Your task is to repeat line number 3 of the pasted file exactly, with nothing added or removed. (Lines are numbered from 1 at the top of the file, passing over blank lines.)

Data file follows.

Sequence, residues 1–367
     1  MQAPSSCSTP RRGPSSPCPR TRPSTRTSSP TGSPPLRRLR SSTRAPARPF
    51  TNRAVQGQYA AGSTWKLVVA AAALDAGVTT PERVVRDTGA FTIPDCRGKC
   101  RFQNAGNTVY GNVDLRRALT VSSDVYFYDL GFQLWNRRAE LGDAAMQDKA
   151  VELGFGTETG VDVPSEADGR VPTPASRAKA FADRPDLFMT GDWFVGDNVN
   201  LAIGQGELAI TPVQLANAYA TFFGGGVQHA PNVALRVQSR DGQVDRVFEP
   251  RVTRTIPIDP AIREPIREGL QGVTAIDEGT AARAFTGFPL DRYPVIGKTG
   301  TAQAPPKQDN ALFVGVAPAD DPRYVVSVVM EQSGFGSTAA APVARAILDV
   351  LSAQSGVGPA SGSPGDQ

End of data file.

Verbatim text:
    51  TNRAVQGQYA AGSTWKLVVA AAALDAGVTT PERVVRDTGA FTIPDCRGKC